J.F. (Jules) Brassard
Jules was born on June 8, 1948 in Edson. He was the third of four boys and grew up in the Edson and Hinton area. From the ages of 13 to 18, Jules attended College St. Jean in Edmonton where his strong faith and love for hockey became entrenched.
Jules attended the University of Alberta and worked his summers at Northwestern Pulp and Power in Hinton. In 1970, he graduated with a degree in chemical engineering and shortly after he married his sweetheart Vicki in June of that year. They started their family and over time had four children: Nicole, Matthew, and the twins Graeme and Andrea.
Jules started his career in Burlington, Ontario working as a chemical engineer with Dowell of Canada. The busy fishing holes around Toronto were not for him so Jules and Vicki headed back to Edmonton where Jules worked for Dowell for another two years before moving to Hinton where he worked as a process engineer with Northwestern Pulp and Power from 1973 to 1977. His love of the outdoors drew him to open a sporting goods store named “The Hinton Sportsman.” Jules spent 18 years running his store. His four children all worked at the store and, through Jules, they were given the opportunity to appreciate and enjoy nature and learn his passion for the outdoors.
In 1996, Jules’ love of the outdoors grew so strong that he decided to take up surveying so that he could be with nature every day. He sold the family store and started surveying with Dave Armstrong, ALS in Hinton. With the support of his family he went back to the University of Calgary to study geomatics at the tender age of 50. He told many people that he had to complete the program because his children were at university at the same time as he and he could not let them down or set a bad example.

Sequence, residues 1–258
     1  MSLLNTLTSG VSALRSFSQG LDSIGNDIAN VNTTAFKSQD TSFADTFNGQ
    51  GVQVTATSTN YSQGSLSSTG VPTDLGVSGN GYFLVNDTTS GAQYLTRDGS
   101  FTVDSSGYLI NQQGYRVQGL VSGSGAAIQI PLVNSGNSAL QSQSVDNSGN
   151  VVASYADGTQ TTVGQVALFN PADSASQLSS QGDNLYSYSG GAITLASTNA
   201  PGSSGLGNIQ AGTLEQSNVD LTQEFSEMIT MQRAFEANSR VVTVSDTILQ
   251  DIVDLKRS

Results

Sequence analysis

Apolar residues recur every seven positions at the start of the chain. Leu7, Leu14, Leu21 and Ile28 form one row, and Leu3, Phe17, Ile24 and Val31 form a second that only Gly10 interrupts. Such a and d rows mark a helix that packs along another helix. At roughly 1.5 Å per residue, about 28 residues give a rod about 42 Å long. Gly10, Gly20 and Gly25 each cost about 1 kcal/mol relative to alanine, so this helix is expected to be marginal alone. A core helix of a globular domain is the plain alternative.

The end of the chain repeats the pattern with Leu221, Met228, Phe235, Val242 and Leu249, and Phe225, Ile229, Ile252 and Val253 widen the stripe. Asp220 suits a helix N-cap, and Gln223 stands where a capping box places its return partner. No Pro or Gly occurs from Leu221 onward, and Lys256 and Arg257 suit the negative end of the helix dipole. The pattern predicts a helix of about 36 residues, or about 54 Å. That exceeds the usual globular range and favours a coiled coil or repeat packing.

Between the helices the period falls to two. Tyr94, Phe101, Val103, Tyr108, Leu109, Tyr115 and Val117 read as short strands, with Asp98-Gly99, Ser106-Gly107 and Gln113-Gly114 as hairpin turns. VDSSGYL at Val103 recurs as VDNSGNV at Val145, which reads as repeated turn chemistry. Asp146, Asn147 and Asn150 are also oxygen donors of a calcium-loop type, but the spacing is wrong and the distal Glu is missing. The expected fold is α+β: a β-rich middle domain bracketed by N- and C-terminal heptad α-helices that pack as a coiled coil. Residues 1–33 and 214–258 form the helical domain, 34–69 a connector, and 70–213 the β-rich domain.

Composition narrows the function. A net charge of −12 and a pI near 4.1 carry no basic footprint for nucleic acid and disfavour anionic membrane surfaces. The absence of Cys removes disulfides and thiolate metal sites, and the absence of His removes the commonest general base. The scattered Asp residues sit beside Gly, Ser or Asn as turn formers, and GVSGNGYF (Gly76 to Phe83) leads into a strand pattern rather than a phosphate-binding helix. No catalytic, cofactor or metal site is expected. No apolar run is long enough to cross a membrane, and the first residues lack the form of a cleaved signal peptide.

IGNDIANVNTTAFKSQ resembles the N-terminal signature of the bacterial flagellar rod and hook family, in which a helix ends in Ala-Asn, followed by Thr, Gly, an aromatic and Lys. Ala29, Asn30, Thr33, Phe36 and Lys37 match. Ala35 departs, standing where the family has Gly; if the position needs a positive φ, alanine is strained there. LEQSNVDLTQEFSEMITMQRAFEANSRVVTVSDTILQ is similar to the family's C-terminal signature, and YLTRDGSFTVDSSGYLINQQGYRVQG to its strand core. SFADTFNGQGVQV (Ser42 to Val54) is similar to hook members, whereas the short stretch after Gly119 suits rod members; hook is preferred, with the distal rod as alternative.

It was at the Annual General Meeting of the Association in 2003 when Jules made his mark on the members present. During a lull at the awards ceremony, Jules recited Robert Service poetry from memory. Jules loved Robert Service’s poetry of the North.
During his short time as a practicing ALS he was able to serve on and participate in the Professional Development Committee.
AMEC employed Jules in 2003. In late 2003, he came on the marketplace and Challenger offered him a position. The company had no defined position for Jules so his offer letter simply stated that if you come to Challenger I think you will have “fun.” His email back to the company a few days later said. “I accept your job offer of fun.”
Jules quickly defined a position as the office manager in Ft. McMurray. The young staff whom we acquired from all over the country, soon began treating Jules as a father figure. He accepted that with humility and as an honour.
Jules managed the two largest subdivisions that Challenger has ever undertaken. The two subdivisions comprise approximately 4,000 lots. He spent many hours in the field with staff surveying and he loved every minute of it. One of his favorite sayings was “find a job you love and you never work a day in your life.” He lived that.
Jules was diagnosed with mesothelioma (asbestos exposure cancer) on January 18, 2007. It was traced to his summer jobs as a student in Hinton at the plant sites.
Jules accepted this news and said, “I will just beat this and move on.” During his illness, Jules continued to do all the things he loved. He went to his trap line up on the Little Berland River to finish his and his trapper friends’ cabin. He witnessed the birth of his third grandchild. He traveled with his wife and family and, though he couldn’t play hockey anymore, he spent time with his hockey buddies. Jules, I found out was a very good hockey player. Later on in his illness, Jules commented that he was looking forward to meeting the Lord.
Jules and his wife and four children ran marathons together. Yes, full 26-mile marathons. This year during the Vancouver marathon, Jules could not run but the rest of the family did and Jules was the excited coach waiting at the finish line.
As noted earlier, Jules loved Robert Service poetry. One of his favorites was “The Spell of the Yukon.” The last 4 lines of the poem are very fitting for Jules. They go like this.
It’s the great, big, broad land ‘way up yonder’,
It’s the forests where silence has lease;
It’s the beauty that thrills me with wonder;
It’s the stillness that fills me with Peace!